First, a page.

I have a distinct memory of watching these episodes out of context with the rest of the series back when they came out. So much so that they activated another memory in my brain of a piece of fan fiction I wrote about some video game I was playing at the time directly inspired by the events of these episodes.
There’s a slim chance I could find those incredibly plagiarising writings, but I think it’s better if I not bother. For I feel the amount of cringing I would do would cause me to turn into a singularity and consume the Earth. And none of us want that.
Season 3, Episode 15: Overlords
We jump into this episode seemingly part way into the events as they’re unfolding. Anakin, Obi Wan and Ahsoka have stumbled into some kind of impossible space and are abducted by a giant Borg Cube/Sith Holocron. Right away this episode seems to be diving into the more high fantasy elements of the world than any mainstream element of the series has before.
Consequently, this trio of episodes become something unlike anything we’ve seen in the series up until now, playing with the headier fantasy and science fiction concepts than they would normally dare to. What these episodes appear to be, in my eyes, are the Clone Wars’s writers attempts at adding some context and resolution to the whole “chosen one” aspect of the Anakin Skywalker character. Something that ultimately never goes anywhere in the movies themselves after the prequels.
After being brought to some world seemingly outside of the known Star Wars Galaxy, our heroes encounter the “Daughter”, the “Son” and the “Father”. These ancient force wielders fill multiple roles; as a kind of precursor race, a common trope in science fiction and also the very personifications of the light side and the dark side of the force. With Father representing the balance between them.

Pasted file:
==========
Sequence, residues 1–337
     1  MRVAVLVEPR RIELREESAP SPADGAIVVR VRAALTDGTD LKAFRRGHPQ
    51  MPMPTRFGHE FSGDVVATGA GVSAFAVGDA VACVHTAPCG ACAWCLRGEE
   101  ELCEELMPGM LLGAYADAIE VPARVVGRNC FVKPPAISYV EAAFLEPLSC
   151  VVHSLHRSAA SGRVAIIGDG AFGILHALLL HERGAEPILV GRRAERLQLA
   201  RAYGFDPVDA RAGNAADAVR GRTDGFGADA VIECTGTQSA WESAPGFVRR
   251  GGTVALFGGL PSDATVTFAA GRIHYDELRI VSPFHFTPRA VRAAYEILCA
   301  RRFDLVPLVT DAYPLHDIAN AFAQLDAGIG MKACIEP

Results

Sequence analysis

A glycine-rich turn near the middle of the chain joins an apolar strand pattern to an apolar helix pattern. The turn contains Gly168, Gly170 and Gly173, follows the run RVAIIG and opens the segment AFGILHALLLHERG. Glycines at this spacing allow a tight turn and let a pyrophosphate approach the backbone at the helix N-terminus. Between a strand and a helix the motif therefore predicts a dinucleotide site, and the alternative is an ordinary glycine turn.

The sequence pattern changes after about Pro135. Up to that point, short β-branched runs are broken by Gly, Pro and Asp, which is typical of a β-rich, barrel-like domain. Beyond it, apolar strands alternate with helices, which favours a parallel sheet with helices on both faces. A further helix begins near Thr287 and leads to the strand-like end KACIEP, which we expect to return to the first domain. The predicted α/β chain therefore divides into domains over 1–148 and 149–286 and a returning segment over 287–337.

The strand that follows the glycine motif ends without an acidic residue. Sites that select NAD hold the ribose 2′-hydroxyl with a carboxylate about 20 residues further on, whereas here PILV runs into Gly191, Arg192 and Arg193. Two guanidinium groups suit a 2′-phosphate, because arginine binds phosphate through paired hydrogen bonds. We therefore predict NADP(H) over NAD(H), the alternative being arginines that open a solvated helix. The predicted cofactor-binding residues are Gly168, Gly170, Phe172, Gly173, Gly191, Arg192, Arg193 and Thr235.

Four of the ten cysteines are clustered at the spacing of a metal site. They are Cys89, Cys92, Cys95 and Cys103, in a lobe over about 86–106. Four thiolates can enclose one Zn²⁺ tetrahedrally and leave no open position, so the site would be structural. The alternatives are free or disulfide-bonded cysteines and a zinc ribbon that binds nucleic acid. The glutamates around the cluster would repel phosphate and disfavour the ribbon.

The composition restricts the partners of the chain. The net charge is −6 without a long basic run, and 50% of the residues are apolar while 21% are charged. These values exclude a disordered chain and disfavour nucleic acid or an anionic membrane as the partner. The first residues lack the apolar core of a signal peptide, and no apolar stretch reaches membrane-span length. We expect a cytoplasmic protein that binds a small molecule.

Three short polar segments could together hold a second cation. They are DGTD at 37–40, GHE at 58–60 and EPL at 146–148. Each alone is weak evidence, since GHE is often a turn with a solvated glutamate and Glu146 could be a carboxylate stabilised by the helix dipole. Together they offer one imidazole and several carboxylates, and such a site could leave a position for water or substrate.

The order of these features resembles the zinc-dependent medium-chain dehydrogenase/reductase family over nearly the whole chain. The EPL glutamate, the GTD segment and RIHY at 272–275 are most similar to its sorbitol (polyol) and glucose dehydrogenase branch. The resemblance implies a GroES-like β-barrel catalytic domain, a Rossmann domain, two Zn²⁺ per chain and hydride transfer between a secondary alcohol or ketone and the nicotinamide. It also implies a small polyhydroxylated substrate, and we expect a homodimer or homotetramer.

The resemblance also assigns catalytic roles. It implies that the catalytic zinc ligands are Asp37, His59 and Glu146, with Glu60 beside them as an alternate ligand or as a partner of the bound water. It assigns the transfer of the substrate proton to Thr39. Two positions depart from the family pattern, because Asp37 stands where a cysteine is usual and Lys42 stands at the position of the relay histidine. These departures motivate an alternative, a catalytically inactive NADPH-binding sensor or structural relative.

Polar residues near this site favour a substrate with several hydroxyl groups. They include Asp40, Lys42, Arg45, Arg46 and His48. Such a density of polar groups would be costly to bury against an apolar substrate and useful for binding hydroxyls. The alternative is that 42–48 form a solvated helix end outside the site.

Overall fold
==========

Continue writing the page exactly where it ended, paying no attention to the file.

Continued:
The very concept of the “balance to the force” has always been a vexing one to me, the way the movies dealt with this prophecy, it seemed to be no different than the light side overcoming the dark side for good, which is actually the total opposite of “balance”. This story at least seems to imply that the Jedi interpretation of this prophecy is wrong and this family of ancient force users are the real reason behind it.
The entire plotline reminds me of what turned out to be the overarching plot of J.J. Abrams’s LOST, in which a character was drawn to an island in order to fulfil the role of its protector and prevent chaos from running rampant in the world outside. A role that seems more like a curse than an honour. Anakin, as the chosen one, is drawn to this planet so that Father can die and he can continue in the old man’s stead as the scales that prevent either the light or the dark from throwing balance out of whack.
A role he rejects. Despite the planet itself feeding him with force power and making him all-powerful, Anakin’s inability to let go of his earthly connections, the very thing that causes him to fall to the dark side, is what prevents him from taking on the role. Which is totally understandable to me, but actually pretty contrary to what you might expect from a more typical example of a Jedi. Almost all of which are supposed to be selfless and heroic.
It’s actually a pretty interesting recontextualisation of the whole prophecy aspect of the prequel movies, one that shows that both the Jedi and the Sith are inherently flawed in different ways. It also brings backs Liam Neeson to reprise his role as Qui-Gon Jinn, and further implies that Obi Wan’s old master probably was the Jedi closest to understanding the true need for actual balance in the force, beyond the narrow-minded light vs. dark perspectives of the Jedi and the Sith.
Anakin’s rejection of the role as the new “father” ends up being the act that gives Son the opportunity to really make his move and escape the planet, risking the dark side becoming significantly more powerful across the galaxy. Possibly becoming an even greater threat than the Sith could ever be.
Season 3, Episode 16: Altar of Mortis